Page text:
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Prepping for my "paperwork" visit. We've got appointments made with the attorney, computer tutor, adult sitting company, and admin helper. I have my lists of documents to gather, questions for attorney (I have already emailed them to her) and I have given the admin helper my ideas and goals ahead of time as well. Now I just need my stepdad to be own board. Last time we spoke he started to sound like his "old" self....meaning he might insist that he can do it himself, so I have to stay strong and somehow convince him that it's all a great idea to accept so much help. Perhaps my approach should be that it will help alleviate my worries if I know this is all set in place. How can he argue against that?

Any input appreciated!
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At Lucyhealth, thanks for the input. I am listed on the forms at the Assisted Living Facility and the nurses talk freely with me when I call. They have been great! I also just spoke with the attorney and made an appointment with her for the next time I am in town so that I can get all the info/documents needed. Of course, I have to get my parents permission to get copies of all of it, but I don't think that will be an issue since that is one of our goals, to tackle paperwork.
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As a retired RN ( just recent) with experience in Home Health, acute , managed care as well as a patient advocate Case Manager..... If you relatives are in Assisted Living, contact an RN Case Manager onsite to keep you updated on their care , activities . Make your name is on physician's as well as facility records so they can release info to you ! (Based on HIPPA guidelines)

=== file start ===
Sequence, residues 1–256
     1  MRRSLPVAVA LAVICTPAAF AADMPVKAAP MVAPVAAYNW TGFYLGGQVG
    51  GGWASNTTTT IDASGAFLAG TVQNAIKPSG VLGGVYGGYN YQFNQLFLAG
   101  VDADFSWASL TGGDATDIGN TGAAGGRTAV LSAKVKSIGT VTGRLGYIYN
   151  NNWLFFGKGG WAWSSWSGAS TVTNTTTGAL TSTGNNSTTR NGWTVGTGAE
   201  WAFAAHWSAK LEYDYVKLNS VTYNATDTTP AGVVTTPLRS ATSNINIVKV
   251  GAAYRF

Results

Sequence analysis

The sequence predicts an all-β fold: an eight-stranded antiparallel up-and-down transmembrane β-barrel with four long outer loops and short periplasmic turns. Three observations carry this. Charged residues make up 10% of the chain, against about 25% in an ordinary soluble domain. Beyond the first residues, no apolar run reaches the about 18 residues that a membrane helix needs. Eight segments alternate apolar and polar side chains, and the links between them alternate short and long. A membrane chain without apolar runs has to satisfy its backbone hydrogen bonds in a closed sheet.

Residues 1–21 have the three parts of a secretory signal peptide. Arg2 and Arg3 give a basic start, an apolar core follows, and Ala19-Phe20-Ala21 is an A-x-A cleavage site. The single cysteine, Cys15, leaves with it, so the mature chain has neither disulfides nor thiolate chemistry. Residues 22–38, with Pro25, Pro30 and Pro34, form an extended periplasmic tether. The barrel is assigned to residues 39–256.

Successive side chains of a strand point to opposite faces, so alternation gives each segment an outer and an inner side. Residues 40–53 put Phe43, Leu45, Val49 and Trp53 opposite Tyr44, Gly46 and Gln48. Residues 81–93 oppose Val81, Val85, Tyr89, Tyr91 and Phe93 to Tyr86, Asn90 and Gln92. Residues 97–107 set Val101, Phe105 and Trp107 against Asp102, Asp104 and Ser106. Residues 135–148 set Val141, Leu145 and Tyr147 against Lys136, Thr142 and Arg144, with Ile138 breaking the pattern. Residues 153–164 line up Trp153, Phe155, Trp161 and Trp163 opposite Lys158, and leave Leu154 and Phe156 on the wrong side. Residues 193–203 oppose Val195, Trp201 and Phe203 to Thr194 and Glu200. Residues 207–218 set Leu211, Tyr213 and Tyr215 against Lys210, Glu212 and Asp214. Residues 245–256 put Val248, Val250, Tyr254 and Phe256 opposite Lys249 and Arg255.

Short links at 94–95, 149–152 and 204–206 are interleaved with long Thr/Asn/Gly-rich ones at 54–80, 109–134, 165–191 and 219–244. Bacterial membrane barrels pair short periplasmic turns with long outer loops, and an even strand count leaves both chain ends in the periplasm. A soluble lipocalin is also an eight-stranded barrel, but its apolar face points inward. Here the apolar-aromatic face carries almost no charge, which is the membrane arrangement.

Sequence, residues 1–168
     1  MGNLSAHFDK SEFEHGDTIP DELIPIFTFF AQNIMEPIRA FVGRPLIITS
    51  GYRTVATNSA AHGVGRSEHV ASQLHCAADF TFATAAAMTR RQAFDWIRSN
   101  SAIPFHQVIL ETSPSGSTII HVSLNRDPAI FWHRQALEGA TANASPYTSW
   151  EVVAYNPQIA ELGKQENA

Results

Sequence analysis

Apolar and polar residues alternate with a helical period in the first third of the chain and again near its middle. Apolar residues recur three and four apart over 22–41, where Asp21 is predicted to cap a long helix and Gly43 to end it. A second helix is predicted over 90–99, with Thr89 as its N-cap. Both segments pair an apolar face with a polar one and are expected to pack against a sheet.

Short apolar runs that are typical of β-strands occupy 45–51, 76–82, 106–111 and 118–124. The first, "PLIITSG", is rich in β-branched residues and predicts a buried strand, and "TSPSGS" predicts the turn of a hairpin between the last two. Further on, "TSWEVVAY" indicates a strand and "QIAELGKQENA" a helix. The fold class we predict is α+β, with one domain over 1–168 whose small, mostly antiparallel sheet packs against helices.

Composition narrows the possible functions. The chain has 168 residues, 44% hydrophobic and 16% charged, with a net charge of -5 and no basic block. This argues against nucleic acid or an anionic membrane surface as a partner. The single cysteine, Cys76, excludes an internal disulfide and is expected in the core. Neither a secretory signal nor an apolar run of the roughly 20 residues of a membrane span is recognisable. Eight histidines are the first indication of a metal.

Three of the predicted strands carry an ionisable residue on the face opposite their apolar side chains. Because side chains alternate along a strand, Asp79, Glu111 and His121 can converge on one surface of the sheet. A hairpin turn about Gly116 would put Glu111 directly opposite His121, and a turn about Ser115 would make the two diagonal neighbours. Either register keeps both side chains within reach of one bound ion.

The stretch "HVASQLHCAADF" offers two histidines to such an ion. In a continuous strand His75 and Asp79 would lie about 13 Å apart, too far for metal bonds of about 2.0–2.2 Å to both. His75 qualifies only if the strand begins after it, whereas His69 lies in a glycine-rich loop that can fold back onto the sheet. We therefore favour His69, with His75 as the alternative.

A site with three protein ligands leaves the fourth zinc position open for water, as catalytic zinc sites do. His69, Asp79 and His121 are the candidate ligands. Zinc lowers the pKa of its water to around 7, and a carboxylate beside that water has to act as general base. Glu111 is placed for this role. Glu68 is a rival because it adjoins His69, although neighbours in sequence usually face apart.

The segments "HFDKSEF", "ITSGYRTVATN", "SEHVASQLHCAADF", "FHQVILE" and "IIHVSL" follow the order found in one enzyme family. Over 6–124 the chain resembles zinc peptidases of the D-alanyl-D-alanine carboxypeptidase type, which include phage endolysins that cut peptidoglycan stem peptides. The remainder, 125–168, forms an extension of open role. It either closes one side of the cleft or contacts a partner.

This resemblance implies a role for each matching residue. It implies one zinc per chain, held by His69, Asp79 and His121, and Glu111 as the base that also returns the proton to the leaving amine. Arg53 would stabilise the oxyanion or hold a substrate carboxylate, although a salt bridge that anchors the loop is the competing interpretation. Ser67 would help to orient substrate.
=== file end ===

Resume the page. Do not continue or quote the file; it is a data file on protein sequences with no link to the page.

Also make sure there is a written Living Will and POA ( power of attorney Health and
financial)
A case worker ( not Medical Case Manager) can facilitate financial POA and Mefical!!!
Sky ping with your relatives at a distance can be arranged with most facilities.
Contact Case Management Society of America ( CMSA) for a CM in your area. There are over 2000 members and they would refer you to one in your area
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No need to worry,they keep them like home.
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Hi there. My mother moved into assisted living on Oct. 9th of this year. She is 86. It has all been new to me. The facility is very close to my home so I can check on her frequently. In my limited experience, the appearance of the lobby and the facilities is not indicative of the care. When the rubber meets the road is when it is late at night, or when multiple residents need something at once (like many push their call button to get help to go to the toilet at the same time) and then you'll see what really happens. It is a good thing that your Dad's mind is still sharp. A resident that is mentally alert will get better care than someone who has some dementia. My mother has some dementia and the staff knows it and I think they often try to "put one over on her" and I see the result because I check on her nearly every day or every other day. My mother is paying a good price at a nice facility with her hard earned money and most of the time I am fuming over the care. Things that don't happen: frequent enough help in toileting, showers, laundry. Meals have been okay, social activities fair. I hope it goes well with your parents. I too would be nervous if I had to do this long distance.